The Long Ecological Revolution

John Bellamy Foster

o revolutionary movement exists in a vacuum; it is invariably confronted with counterrevolutionary doctrines designed to defend the status quo. In our era, ecological Marxism or ecosocialism, as the most comprehensive challenge to the structural crisis of our times, is being countered by capitalist ecomodernism—the outgrowth of an earlier ideology of modernism, which from the first opposed the notion that economic growth faced natural limits. If ecosocialism insists that a revolution to restore a sustainable human relation to the earth requires a frontal assault on the system of capital accumulation—and that this can only be accomplished by more egalitarian social relations and more consciously coevolutionary relations to the earth—ecomodernism promises precisely the opposite. Ecological contradictions, according to this ideology, can be surmounted by means of technological fixes and continued rapid growth in production, with no fundamental changes to the structure of our economy or society. The prevailing liberal approach to ecological problems, including climate change, has long put capital accumulation before people and the planet. It is maintained that through new technologies, demographic shifts (such as population control), and the mechanisms of the global free market, the existing system can successfully address the immense ecological challenges before us. In short, the solution to the ecological crises produced by capitalist accumulation is still more capitalist accumulation. All the while, we have been rapidly nearing the climate cliff (i.e., the breaking of the carbon budget) represented by the trillionth metric ton of carbon released into the atmosphere, now less than twenty years away if current trends continue.

In these dire circumstances, it is dispiriting but not altogether surprising that some self-styled socialists have jumped on the ecomodernist bandwagon, arguing against most ecologists and ecosocialists that what is required to address climate change and environmental problems as a whole is simply technological change, coupled with progressive redistribution of resources. Here again, the Earth System crisis is said not to demand fundamental changes in social relations and in the human metabolism with nature. Rather it is to be approached in instrumentalist terms as a formidable barrier to be overcome by means of extreme technology.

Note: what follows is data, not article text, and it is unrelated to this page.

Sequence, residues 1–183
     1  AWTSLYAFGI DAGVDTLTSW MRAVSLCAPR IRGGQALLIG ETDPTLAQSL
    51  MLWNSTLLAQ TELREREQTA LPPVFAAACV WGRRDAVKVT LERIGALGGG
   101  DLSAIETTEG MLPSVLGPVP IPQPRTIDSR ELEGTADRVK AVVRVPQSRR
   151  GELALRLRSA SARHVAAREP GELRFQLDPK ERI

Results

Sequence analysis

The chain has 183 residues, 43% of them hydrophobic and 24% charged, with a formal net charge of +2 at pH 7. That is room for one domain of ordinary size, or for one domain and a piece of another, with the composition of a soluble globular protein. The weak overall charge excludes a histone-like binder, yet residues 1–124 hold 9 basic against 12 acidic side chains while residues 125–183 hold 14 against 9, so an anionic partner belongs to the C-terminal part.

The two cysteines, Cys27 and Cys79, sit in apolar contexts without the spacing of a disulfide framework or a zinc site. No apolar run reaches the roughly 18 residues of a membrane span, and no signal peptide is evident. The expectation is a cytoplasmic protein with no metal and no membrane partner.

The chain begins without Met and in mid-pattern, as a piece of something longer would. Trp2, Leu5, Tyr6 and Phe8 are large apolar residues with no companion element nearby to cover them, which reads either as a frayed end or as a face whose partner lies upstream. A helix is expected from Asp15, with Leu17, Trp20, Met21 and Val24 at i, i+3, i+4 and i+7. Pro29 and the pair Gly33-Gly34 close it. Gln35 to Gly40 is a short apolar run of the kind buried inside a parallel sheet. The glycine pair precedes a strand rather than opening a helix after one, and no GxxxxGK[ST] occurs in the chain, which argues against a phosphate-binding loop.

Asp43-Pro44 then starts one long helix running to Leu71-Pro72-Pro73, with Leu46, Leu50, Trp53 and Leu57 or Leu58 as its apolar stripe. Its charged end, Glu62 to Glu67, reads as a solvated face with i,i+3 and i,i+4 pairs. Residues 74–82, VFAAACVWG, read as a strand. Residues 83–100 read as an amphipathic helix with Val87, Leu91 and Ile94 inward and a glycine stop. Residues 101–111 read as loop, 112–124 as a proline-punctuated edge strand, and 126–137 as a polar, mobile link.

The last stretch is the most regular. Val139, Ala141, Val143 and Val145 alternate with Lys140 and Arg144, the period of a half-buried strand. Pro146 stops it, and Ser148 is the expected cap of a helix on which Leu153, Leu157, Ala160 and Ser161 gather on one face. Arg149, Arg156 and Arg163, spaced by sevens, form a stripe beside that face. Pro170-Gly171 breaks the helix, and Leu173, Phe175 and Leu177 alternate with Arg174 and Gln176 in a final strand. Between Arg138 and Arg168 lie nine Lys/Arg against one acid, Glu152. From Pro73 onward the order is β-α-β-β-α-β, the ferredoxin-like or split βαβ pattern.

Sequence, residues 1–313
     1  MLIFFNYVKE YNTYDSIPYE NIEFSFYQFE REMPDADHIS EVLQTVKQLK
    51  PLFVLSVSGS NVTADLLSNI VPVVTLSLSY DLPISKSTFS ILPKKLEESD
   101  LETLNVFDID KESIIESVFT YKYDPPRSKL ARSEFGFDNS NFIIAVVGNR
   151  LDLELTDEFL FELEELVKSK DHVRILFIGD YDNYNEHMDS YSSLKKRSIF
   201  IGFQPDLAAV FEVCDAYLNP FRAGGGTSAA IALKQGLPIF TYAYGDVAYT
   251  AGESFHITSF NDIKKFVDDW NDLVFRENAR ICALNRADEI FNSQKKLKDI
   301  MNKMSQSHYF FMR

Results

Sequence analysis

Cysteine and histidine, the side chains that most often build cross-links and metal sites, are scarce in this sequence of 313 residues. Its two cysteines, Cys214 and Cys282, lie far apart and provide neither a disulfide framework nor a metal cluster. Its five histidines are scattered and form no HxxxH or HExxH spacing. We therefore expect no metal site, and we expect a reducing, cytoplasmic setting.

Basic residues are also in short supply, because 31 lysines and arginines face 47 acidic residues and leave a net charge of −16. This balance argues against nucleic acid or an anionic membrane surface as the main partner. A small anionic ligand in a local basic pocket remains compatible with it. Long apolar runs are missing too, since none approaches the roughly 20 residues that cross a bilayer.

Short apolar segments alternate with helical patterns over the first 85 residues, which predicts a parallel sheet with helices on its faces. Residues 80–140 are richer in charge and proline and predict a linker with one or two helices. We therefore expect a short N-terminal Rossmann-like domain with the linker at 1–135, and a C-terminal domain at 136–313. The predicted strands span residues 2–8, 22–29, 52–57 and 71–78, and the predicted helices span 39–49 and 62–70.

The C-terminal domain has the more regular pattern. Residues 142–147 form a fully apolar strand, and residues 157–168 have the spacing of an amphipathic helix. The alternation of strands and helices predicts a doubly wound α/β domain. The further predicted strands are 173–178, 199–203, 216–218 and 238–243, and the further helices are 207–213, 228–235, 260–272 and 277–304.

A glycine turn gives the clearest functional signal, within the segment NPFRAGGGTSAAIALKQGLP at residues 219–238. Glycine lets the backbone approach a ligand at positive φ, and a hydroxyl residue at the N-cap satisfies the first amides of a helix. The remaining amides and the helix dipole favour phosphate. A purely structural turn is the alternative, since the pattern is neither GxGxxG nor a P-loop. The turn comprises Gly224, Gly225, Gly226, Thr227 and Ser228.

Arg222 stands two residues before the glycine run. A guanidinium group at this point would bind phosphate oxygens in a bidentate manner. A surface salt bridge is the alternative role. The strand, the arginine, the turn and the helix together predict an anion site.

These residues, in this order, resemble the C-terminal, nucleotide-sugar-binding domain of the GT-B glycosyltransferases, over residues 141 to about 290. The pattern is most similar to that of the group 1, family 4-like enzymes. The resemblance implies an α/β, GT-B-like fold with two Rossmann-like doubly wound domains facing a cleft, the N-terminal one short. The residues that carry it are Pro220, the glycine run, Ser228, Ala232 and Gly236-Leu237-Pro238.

How then are we to see the necessary ecological and social revolution of our time? Today, the growing awareness of such problems, and of the inescapable human connection to the natural world as a whole, has led scientists to explore more sustainable forms of development, as in agroecology, bio-mimicry, and systems of ecological resilience. The overarching goal of an ecological society, Fred Magdoff and Chris Williams write in their new book Creating an Ecological Society, is to maintain the long-term health of the biosphere while equitably providing for human needs. This is not an impossible task, but it does require the development of science at a higher level—one not simply concerned with mechanical manipulation of the earth and its inhabitants for private gain, but founded on the understanding and concern for the complex collectivities that constitute living systems and human life itself. This requires ecological planning, but that in turn is only possible if social relations also change, reconceiving freedom in terms of needs deeper and wider than those of individual self-interest in a commodity economy.

But to achieve these things, we will need to break with business as usual, that is, with the current logic of capital, and introduce an entirely different logic, aimed at the creation of a fundamentally different social metabolic system of reproduction. To overcome centuries of alienation of nature and human labour, including the treatment of the global environment and most people—divided by class, gender, race, and ethnicity—as mere objects of conquest, expropriation, and exploitation, will require nothing less than a long ecological revolution, one which will necessarily entail victories and defeats and ever-renewed striving, occurring over centuries. It is a revolutionary struggle, though, that must commence now with a worldwide movement toward ecosocialism—one capable from its inception of setting limits on capital. This revolt will inevitably find its main impetus in an environmental proletariat, formed by the convergence of economic and ecological crises and the collective resistance of working communities and cultures—a new reality already emerging, particularly in the global South.


In the long ecological revolution before us, the world will necessarily proceed from one earthly struggle to another. If the advent of the Anthropocene tells us anything, it is that humanity, through a single-minded pursuit of economic gain benefitting a relative few, is capable of producing a fatal rift in the biogeochemical cycles of the planet. It is time therefore to find another path: one of sustainable human development. This constitutes the entire meaning of revolution in our time.



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